As academic collaborations become increasingly virtual and geographically widespread, researchers are faced with novel challenges, as well as opportunities, as they attempt to create equitable, effective research partnerships. In this essay, the authors highlight the importance of shared reflexive conversations in building a strong foundation for collaboration and the coproduction of knowledge, particularly in the midst of ongoing crises. In so doing, they reflect on their experience of planning research on social innovation in small-scale fishing communities in Africa and Asia, as a team spread across six countries.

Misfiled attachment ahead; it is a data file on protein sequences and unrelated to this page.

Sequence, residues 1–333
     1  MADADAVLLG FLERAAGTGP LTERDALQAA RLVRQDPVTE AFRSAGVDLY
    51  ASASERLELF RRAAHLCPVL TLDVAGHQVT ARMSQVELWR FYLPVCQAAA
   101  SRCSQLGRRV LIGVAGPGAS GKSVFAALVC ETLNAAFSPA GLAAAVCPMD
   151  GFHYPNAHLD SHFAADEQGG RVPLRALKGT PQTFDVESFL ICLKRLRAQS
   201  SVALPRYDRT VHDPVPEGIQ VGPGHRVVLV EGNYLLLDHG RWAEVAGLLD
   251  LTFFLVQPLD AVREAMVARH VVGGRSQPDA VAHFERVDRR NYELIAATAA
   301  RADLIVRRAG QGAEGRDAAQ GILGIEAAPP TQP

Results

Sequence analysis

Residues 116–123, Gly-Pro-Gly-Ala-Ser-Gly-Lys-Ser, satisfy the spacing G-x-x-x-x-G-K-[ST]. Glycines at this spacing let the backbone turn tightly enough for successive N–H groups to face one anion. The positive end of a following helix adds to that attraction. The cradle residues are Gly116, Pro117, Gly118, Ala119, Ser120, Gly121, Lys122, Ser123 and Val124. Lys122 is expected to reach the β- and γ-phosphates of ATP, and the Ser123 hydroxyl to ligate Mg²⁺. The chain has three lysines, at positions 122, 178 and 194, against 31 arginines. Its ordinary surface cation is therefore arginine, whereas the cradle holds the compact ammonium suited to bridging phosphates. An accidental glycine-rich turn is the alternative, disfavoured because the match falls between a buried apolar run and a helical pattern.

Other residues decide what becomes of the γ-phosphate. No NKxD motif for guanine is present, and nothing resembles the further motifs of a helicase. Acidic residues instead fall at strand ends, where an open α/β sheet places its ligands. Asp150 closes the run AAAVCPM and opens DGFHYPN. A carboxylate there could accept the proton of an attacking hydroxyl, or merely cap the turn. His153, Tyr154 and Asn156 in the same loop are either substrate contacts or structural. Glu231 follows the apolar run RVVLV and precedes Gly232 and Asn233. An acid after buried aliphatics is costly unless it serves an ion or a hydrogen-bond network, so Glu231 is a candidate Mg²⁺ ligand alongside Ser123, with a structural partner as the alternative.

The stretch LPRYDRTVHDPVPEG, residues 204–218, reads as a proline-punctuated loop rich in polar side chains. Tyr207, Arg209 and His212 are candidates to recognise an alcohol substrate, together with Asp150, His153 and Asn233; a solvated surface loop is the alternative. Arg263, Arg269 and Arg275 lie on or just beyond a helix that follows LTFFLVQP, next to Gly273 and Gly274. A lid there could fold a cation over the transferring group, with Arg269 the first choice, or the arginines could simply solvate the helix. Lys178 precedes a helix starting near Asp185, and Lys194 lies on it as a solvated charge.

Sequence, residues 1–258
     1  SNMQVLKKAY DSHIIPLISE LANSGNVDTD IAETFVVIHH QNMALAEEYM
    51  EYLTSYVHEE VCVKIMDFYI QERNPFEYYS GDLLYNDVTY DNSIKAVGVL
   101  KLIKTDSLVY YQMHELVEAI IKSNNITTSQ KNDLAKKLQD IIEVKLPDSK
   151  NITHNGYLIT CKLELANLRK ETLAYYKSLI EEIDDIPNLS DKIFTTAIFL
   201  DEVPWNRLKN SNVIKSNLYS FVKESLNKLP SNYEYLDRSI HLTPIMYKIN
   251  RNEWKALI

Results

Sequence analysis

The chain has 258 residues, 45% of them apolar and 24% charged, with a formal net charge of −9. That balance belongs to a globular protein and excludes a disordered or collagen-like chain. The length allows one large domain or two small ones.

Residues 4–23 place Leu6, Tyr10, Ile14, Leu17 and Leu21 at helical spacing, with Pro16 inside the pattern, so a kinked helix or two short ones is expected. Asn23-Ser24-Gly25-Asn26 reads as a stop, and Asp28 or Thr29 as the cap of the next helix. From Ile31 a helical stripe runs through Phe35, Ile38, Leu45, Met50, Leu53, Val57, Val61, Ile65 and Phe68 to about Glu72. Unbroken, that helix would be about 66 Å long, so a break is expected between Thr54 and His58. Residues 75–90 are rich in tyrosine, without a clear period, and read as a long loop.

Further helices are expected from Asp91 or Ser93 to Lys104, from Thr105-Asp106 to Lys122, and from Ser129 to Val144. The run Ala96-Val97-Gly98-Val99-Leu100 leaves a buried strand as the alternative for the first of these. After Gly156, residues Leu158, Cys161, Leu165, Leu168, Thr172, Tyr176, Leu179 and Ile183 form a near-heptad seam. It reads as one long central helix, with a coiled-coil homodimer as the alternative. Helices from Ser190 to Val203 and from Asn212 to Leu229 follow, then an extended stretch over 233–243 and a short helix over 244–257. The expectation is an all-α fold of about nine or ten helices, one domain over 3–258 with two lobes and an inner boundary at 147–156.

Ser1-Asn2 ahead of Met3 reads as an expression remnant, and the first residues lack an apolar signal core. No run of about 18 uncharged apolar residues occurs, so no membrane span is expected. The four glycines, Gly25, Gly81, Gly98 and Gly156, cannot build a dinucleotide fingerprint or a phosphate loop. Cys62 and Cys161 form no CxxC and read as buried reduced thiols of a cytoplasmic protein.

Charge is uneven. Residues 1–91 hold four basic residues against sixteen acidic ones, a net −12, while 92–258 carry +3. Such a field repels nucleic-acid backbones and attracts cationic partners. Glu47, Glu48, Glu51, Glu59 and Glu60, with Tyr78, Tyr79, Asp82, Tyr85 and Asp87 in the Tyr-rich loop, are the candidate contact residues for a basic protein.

Kyoko Kusakabe is a professor of gender and development studies at Department of Development and Sustainability, School of Environment, Resources and Development, Asian Institute of Technology in Thailand. She has over 20 years of experience in research and teaching gender and development in Asia especially focusing on the Mekong Subregion. Aside from her academic work, she has experience in working with NGOs and government organizations for gender mainstreaming and integration of gender issues. Her research focus is on gender issues in labor/work, especially on labor migration, garment factory workers, informal employment, and agriculture and fisheries. She is currently an executive committee member of Gender in Aquaculture and Fisheries Section of Asian Fisheries Society. She is also a coeditor-in-chief of Gender, Technology and Development journal. She is a coauthor of Thailand’s Hidden Workforce: Burmese Migrant Women Factory Workers (Zed Books, 2012, coauthored with Ruth Pearson) and coedited Fisherfolk in Cambodia, India and Sri Lanka: Migration, Gender and Well-Being (Routledge, 2020).